Mystery of English crab and lobster die-offs deepens as experts find no clear cause – The Guardian

Report criticised after saying deaths unlikely to be down to algal blooms or pollutant and suggesting possibility of new disease
The mystery behind the deaths of thousands of crabs and lobsters along England’s north-east coast has developed a further twist, with experts saying it could be down to a new disease.
The die-offs, which began in autumn 2021 and recurred at various points in 2022, affected at least 70km (43 miles) of the coastline, with some of the crustaceans showing an unusual twitching while dying.
An initial government investigation, published in May 2021, said the phenomenon could have been caused by a naturally occurring harmful algal bloom. However, research commissioned by the North East Fishing Collective (NEFC) and carried out by researchers at the universities of York, Newcastle and Durham and Hull suggested pyridine, a common industrial chemical, was a more probable cause.
Now a report by an independent panel of experts, convened by the chief scientific adviser to the Department for the Environment, Farming and Rural Affairs, has said that while it was not possible “to identify a clear and convincing single cause for the unusual crustacean mortality” it was unlikely algal blooms were to blame, as they were unlikely to explain the twitching or deaths during winter months.
The team also add it is very unlikely that the die-offs are a result of a pyridine or another toxic pollutant.
Crispin Halsall, a professor of environmental organic chemistry at Lancaster University and an author of the report, said the team scrutinised the findings from Newcastle University and other sources carefully – although it did not collect or analyse new samples.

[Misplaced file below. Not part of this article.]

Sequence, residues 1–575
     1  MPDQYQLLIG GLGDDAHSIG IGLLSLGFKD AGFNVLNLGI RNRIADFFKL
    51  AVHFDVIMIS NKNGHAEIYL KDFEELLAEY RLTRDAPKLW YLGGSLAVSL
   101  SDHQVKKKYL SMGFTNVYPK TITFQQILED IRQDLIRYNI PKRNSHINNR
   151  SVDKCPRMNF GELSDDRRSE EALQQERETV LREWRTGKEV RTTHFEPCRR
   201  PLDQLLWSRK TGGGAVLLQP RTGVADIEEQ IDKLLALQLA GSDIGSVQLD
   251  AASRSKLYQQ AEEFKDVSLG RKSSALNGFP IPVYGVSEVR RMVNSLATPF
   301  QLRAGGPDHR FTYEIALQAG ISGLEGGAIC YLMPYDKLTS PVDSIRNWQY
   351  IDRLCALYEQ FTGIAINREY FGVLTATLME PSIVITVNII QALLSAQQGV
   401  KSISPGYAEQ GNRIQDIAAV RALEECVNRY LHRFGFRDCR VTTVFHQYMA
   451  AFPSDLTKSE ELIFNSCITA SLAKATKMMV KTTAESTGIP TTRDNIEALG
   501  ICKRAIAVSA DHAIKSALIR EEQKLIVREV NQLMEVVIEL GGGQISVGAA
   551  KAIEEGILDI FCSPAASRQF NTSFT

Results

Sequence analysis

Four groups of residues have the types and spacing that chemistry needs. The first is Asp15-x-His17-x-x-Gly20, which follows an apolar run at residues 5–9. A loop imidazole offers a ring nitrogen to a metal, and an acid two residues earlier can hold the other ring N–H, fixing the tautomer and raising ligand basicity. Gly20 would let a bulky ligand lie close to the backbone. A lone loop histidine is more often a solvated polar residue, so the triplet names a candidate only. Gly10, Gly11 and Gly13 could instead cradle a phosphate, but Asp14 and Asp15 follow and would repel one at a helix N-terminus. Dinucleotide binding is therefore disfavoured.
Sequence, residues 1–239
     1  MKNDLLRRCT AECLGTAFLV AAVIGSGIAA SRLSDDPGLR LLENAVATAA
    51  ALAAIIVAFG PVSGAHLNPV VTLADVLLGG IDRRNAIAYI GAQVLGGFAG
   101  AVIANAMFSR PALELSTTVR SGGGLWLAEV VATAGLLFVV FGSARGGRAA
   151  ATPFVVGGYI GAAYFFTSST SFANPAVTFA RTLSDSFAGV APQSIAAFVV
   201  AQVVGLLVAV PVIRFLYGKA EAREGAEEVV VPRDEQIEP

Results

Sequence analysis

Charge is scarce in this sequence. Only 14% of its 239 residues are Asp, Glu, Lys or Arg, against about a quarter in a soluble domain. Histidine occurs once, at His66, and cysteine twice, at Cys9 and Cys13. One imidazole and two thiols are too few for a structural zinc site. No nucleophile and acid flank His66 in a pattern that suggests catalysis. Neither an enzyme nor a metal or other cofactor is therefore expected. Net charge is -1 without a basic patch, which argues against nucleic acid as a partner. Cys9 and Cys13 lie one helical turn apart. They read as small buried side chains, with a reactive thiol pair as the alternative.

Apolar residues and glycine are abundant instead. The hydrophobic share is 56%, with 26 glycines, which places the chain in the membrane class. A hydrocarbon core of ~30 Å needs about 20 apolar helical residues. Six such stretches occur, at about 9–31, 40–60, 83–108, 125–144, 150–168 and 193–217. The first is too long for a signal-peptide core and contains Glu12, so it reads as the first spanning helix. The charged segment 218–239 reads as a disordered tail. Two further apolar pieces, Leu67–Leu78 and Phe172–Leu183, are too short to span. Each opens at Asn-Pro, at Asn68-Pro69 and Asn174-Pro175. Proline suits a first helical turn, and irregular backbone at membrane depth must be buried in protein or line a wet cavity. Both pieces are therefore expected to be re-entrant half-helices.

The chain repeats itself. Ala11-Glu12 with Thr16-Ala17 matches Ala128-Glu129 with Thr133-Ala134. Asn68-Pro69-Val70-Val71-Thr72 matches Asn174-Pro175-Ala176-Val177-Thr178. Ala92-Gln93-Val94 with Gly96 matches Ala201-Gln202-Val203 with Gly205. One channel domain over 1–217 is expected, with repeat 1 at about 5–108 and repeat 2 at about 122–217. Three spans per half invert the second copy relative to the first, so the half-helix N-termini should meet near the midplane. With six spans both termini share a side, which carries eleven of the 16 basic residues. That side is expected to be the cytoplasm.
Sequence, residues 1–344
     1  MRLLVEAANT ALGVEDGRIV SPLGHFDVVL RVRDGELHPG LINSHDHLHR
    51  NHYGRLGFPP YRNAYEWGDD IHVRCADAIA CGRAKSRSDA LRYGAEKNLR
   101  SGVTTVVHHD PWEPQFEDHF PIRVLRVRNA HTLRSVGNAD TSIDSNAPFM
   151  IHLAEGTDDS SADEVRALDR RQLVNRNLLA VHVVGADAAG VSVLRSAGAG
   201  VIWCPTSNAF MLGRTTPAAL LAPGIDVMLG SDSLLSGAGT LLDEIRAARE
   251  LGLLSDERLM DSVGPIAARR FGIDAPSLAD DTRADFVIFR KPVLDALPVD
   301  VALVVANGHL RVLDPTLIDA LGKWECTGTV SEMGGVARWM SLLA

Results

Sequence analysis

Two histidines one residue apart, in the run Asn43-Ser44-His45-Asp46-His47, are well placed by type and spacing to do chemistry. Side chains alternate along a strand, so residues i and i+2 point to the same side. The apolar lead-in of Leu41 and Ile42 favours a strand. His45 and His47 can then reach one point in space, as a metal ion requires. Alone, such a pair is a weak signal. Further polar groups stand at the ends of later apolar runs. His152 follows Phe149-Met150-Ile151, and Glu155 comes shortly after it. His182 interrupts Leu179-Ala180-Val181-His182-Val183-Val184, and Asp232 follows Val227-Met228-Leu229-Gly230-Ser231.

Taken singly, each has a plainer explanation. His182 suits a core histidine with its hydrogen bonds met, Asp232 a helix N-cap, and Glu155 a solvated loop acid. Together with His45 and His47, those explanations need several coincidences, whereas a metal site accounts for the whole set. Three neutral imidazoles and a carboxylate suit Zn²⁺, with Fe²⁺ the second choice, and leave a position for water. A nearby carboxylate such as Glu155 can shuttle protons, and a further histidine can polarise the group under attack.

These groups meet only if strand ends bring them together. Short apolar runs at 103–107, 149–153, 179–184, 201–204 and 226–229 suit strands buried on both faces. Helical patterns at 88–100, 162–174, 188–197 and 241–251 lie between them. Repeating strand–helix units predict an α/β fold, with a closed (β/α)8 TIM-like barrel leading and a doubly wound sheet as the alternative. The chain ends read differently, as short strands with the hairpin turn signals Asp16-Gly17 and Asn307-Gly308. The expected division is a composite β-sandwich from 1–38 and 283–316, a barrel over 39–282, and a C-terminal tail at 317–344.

“The finding of the panel and my group was that we just could not find evidence for high levels of pyridine in the coastal seawater at levels, which are going to cause acute toxicity to crabs,” he said.
The report noted that a prolonged, substantial release of a toxic chemical would be necessary to result in the observed die-offs, which Halsall said was not the case, adding that the paper put “the pyridine story to bed”.
Another suggested cause, capital dredging on the Tees, was deemed exceptionally unlikely to be the reason for the die-offs.
However, the report suggested another possibility: the deaths could be down to a novel pathogen, a cause deemed “about as likely as not” – however they stress there is a lack of direct evidence of such a pathogen.
The report added it was possible that several of the stressors considered could have operated together to lead the die-off, a point reiterated by Dr Tammy Horton, a research scientist at the National Oceanography Centre and co-author.
“For example if there was a harmful algal bloom, that could have given greater stress to the environment generally, there could have been slightly lower oxygen as a result of that, and that could have triggered the mass mortality as they are less able to cope with viral load, for example, of this potential new pathogen,” she said.
The report was met with criticism by academics from the universities of York, Newcastle and Durham.
“Given that the weight of evidence indicates an industrial source for the die-offs, it is disappointing to see that the independent expert panel have reached the conclusion that the die-offs were probably caused by an unknown pathogen, despite there being no direct evidence for this. The academic team will continue to undertake research into these events,” they said in a statement.
Joe Redfern, the secretary of Whitby Commercial Fishing Association, said he and the NEFC were surprised and disappointed at the conclusions of the report.
“Cefas [Centre for Environment, Fisheries and Aquaculture Science] had previously screened [for] many diseases both native and international. There is only one known pathogen know to jump from species to species and that was tested for,” he said.


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